8. Go digital
When shopping at a brick-and-mortar establishment, what’s expected is printed receipts. What delights is the option to have the receipt emailed to the customer.
This is a delight for several reasons:
- It allows customers to easily access the receipt should they need to exchange or return an item (instead of having to store the receipt somewhere or digging through the trash to find it).
- It’s more environmentally friendly.
9. Respond to feedback
When customers leave feedback they expect their reviews or concerns to be read by someone relevant within the company. What delights is when those reviews or concerns are replied to and addressed—publicly, privately, or both.
For example, if a customer had a bad experience with your company and leaves a negative review on Google, the best way to approach this is to publicly respond to their review on the review platform, sincerely apologize if you were in the wrong, and offer to amend the situation by providing them with an email or phone number they can contact to further address the issue and rectify the problem. This simple act can turn disgruntled customers into satisfied customers and minimize customer churn.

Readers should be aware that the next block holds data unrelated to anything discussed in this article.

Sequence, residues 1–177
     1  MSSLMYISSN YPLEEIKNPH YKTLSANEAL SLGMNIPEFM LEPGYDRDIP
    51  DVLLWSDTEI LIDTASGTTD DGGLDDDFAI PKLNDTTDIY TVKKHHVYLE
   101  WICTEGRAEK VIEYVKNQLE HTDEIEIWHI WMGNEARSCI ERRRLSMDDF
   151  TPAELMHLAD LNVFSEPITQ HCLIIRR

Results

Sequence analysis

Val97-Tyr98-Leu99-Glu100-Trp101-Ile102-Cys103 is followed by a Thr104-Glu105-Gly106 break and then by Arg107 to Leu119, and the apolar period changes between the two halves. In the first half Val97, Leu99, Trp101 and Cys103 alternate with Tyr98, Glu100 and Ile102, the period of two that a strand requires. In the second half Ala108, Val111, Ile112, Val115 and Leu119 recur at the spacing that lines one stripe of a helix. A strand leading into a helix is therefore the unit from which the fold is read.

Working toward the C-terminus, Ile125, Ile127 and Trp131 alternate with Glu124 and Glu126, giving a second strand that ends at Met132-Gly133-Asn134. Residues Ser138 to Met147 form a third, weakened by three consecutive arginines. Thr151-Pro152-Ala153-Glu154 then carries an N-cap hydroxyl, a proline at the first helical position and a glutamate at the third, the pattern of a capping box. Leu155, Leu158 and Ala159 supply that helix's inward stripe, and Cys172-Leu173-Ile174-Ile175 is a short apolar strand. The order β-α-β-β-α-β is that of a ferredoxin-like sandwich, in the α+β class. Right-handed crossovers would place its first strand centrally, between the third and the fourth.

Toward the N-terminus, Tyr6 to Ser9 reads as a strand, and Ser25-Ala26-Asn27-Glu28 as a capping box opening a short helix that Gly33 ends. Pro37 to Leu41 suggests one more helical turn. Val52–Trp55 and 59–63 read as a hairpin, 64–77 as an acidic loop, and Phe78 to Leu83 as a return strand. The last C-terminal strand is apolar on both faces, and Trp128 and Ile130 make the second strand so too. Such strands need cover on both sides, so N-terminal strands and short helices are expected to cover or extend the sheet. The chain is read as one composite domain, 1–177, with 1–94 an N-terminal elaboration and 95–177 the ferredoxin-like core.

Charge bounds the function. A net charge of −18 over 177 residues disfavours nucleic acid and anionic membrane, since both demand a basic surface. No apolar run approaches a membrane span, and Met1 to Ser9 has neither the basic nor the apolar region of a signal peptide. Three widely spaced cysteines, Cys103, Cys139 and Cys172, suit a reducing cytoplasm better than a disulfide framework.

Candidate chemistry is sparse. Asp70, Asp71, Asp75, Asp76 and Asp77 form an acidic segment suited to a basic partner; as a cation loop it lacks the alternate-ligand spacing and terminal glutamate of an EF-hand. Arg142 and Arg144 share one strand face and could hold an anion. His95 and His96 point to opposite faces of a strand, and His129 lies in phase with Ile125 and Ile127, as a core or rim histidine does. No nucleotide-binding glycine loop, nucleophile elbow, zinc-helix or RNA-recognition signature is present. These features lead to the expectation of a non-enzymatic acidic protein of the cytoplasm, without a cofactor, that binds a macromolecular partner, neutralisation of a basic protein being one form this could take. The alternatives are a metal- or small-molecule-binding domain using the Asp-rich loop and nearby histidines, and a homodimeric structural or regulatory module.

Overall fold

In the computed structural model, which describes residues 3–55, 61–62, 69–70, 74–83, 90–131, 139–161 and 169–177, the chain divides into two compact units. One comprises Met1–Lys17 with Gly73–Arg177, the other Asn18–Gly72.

It should be noted that delighting customers doesn’t end at responding to feedback and fixing their problems. You need to take it one step further and make fundamental changes to the customer experience based on said feedback. If you don’t, your customers will continue to have the same negative experiences and you will continue putting out the same fires and never growing as a company.
Learn how Idiomatic helped Upwork turn customer feedback into automated, real-time insights to make beneficial changes to their organization and improve the customer experience. Read Upwork’s success story >>
10. Send sensitive newsletter opt-outs